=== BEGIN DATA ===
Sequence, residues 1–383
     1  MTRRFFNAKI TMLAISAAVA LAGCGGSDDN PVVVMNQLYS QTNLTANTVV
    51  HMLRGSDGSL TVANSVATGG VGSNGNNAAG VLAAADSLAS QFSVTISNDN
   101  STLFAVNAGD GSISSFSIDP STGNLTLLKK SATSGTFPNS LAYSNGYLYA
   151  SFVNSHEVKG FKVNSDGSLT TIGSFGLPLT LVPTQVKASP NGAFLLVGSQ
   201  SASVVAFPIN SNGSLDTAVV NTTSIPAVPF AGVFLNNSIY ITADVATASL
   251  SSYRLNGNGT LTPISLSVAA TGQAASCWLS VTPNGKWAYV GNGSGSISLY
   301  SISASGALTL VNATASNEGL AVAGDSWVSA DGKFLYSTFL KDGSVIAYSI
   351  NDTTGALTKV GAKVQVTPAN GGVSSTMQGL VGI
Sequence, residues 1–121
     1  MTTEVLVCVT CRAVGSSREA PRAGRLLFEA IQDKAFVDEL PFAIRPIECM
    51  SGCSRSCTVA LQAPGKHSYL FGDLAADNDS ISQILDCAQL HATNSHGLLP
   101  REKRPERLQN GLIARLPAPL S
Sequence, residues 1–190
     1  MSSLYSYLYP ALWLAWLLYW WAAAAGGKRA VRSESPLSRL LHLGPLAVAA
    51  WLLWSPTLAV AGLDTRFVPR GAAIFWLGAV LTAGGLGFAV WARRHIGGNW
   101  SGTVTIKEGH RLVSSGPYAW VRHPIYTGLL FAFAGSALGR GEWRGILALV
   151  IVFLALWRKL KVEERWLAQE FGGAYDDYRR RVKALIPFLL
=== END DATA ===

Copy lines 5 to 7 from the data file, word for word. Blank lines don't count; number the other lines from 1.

   151  SFVNSHEVKG FKVNSDGSLT TIGSFGLPLT LVPTQVKASP NGAFLLVGSQ
   201  SASVVAFPIN SNGSLDTAVV NTTSIPAVPF AGVFLNNSIY ITADVATASL
   251  SSYRLNGNGT LTPISLSVAA TGQAASCWLS VTPNGKWAYV GNGSGSISLY